In Iowa, Hillary Clinton joins the elite club of politicians giving unsatisfying answers to DREAMers, including Rand Paul.

Hillary Clinton Joins the Elite Club of Politicians Giving Unsatisfying Answers to DREAMers

Hillary Clinton Joins the Elite Club of Politicians Giving Unsatisfying Answers to DREAMers

Reporting on Politics and Policy.
Sept. 15 2014 12:58 PM

Hillary Clinton Joins the Elite Club of Politicians Giving Unsatisfying Answers to DREAMers

She'd rather grill steaks.

Photo by Steve Pope/Getty Images

C-SPAN's policy of keeping cameras rolling live, even after the main political speeches are over, results in hours of video of loose chatter with the occasional ringing line. DREAMers, the immigration reform activists you might remember from such videos as "Rand Paul flees a half-eaten burger to avoid questions," were on hand in Indianola after the Harkin Steak Fry. C-SPAN recorded the confrontation. America Rising clipped their exchange.

"We wanted to know whether you stand by the president's delay on immigration," asked one activist.


"You know, I think we have to elect more Democrats," said Clinton.

"Should we keep deporting families?" asked another activist.

Clinton had moved on.


Much like the Libre Initiative's polling, what we have here is a Republican-oriented group soaking up schadenfreude because a Republican House and red-hatted 2014 voters have throttled a reform bill and cowed Obama out of executive action.

UPDATE: Libre's Daniel Garza responds. (I talked to Libre's Brian Faughnan for my last item about the group.)

The "broken promise" in question was Obama's pre-summer pledge to come up with a plan -- an executive action, people expected -- that would lead to fewer deportations. Obama punted last week, telling NBC's Chuck Todd that "the politics did shift midsummer," though as long ago as January the idea of the president "granting amnesty" by executive order was terribly unpopular.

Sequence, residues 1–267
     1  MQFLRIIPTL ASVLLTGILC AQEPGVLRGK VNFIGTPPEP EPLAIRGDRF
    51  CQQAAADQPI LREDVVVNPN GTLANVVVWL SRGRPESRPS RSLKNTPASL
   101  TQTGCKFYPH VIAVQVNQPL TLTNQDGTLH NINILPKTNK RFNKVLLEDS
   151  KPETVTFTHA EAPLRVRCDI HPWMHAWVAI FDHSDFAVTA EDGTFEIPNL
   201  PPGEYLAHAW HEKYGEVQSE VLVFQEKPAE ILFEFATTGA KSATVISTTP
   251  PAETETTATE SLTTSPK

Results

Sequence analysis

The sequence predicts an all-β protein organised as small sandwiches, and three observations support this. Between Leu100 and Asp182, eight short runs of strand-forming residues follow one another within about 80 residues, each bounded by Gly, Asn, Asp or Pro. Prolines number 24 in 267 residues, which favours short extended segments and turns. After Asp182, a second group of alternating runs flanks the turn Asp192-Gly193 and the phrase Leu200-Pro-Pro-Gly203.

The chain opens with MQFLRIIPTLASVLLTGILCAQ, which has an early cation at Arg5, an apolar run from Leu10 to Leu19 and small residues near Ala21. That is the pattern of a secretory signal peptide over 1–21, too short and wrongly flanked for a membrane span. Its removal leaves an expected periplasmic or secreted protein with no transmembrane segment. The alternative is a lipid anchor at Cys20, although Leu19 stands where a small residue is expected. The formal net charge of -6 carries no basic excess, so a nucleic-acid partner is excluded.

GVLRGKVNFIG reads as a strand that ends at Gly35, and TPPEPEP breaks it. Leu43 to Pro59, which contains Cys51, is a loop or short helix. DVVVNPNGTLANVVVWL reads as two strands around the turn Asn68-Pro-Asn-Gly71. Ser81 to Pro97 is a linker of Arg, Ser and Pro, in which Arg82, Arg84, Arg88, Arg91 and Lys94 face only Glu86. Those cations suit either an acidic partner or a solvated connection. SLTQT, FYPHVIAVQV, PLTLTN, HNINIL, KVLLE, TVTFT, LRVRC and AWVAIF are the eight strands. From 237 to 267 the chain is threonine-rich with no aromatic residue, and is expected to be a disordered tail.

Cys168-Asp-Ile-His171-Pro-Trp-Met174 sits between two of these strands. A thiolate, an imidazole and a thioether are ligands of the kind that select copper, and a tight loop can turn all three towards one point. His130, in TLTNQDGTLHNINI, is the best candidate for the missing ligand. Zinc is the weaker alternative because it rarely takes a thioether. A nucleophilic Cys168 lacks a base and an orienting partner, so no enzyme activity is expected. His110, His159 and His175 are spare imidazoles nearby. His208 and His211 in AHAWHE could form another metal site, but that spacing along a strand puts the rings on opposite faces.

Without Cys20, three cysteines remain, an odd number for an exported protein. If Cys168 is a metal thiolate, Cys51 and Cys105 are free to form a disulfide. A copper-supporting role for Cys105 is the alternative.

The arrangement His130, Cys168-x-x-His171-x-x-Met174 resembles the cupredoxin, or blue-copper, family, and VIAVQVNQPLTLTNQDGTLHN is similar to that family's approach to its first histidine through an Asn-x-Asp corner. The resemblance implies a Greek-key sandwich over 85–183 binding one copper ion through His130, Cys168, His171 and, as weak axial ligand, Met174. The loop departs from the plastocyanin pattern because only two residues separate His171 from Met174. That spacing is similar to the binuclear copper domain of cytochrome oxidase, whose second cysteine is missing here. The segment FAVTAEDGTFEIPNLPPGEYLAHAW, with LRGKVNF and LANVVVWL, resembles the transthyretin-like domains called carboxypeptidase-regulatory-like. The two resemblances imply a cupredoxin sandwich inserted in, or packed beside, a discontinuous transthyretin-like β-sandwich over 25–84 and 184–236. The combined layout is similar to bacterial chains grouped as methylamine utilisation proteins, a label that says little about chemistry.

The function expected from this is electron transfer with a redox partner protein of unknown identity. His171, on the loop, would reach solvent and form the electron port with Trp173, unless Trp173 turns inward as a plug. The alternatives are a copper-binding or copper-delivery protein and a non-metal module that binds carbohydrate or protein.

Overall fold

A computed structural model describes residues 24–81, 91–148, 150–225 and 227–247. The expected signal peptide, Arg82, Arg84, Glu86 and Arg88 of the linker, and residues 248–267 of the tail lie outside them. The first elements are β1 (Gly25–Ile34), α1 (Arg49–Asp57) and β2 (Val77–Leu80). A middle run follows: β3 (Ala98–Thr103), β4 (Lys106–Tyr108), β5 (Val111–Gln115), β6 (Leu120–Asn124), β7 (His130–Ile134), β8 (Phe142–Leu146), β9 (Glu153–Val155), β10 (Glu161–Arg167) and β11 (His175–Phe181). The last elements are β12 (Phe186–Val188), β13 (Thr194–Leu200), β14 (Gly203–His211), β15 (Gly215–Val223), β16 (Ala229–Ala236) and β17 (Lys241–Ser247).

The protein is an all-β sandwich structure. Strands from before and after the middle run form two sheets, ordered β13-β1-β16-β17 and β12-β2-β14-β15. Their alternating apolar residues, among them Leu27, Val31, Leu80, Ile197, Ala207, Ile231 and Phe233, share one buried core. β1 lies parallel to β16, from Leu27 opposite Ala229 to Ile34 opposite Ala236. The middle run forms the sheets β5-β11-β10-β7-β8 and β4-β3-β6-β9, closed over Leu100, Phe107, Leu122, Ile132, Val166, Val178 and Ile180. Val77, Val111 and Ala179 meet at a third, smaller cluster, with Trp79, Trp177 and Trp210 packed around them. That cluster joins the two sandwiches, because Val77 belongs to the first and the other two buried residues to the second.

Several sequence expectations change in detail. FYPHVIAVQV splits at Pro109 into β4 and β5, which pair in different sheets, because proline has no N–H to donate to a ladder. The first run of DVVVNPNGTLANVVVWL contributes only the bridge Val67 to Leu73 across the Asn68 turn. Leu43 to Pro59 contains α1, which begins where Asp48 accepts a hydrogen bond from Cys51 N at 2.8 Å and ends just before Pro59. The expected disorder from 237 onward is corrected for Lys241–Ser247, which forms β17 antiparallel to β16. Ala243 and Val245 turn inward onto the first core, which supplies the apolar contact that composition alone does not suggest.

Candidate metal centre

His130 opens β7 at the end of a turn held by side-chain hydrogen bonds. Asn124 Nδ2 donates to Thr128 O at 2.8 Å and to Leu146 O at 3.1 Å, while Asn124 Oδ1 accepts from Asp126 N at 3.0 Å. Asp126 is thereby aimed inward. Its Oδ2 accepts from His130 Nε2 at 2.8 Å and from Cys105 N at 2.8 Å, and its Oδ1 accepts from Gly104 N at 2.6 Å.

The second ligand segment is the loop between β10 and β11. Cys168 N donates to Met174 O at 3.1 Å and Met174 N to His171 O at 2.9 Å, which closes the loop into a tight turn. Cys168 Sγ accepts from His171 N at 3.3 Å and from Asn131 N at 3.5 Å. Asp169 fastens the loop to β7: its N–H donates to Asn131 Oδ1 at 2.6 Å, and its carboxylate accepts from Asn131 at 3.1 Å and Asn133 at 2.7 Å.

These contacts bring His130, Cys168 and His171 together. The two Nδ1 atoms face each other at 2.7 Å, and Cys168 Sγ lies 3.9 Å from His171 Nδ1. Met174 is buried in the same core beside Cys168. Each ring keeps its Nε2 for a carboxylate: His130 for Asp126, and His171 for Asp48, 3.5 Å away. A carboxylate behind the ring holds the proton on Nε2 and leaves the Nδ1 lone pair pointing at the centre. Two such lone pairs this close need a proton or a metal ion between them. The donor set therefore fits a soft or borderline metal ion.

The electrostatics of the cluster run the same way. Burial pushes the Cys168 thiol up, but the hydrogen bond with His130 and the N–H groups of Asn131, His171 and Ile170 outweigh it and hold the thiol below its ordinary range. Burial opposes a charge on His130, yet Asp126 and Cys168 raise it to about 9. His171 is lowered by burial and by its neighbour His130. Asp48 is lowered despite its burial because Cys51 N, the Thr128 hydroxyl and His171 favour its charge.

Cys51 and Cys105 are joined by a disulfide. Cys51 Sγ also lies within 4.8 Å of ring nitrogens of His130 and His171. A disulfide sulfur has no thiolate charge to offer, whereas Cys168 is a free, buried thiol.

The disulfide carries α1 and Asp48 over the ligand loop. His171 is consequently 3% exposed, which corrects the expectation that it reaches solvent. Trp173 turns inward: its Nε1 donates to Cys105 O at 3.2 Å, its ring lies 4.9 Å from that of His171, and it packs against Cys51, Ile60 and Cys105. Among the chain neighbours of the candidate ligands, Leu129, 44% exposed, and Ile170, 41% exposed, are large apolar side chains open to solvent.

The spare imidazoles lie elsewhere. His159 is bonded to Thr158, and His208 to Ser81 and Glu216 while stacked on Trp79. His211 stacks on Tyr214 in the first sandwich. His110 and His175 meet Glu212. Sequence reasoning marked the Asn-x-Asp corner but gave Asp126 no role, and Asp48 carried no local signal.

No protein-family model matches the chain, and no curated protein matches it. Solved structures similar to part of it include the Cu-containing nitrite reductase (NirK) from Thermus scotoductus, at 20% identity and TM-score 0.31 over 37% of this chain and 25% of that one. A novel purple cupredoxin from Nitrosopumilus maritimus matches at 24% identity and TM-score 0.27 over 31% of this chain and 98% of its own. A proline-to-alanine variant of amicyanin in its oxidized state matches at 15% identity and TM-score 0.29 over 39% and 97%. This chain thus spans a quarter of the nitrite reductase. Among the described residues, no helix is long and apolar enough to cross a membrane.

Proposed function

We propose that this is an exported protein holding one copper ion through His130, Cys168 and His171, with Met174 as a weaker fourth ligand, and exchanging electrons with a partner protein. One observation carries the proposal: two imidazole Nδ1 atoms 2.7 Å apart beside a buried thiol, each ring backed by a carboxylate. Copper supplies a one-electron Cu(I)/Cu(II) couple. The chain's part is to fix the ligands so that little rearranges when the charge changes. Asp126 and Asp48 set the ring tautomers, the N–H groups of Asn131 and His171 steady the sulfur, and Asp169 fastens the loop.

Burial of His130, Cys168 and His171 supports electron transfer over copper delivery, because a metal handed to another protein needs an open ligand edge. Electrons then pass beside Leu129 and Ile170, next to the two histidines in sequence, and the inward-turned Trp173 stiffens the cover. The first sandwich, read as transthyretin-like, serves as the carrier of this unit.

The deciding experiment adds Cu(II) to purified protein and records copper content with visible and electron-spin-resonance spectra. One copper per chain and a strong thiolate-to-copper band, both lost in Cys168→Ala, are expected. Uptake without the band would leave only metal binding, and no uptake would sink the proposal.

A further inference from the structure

I don't think I'm "slamming" Republicans, Libre, et al, by pointing out the truth. The Senate passed an immigration reform bill. The Republican House of Representatives dithered then opted not to bring up any immigration reform bill. Many voters don't know who runs either House, and the loudest activists have focused their anger on Obama's failure to use "the pen," rather than the many safe-seat Republicans who don't want to vote on a bill. See, for example, this Carmen Velasquez op-ed (3000+ shares on Facebook) that urges Latinos to "sit this election out" and make Democrats "pay a price." 

The "price" would be the defeat of several senators who voted for the immigration reform bill that activists wanted, and their replacement by Republicans who oppose what the activists wanted. Nothing negative about pointing that out.

David Weigel is a reporter for the Washington Post.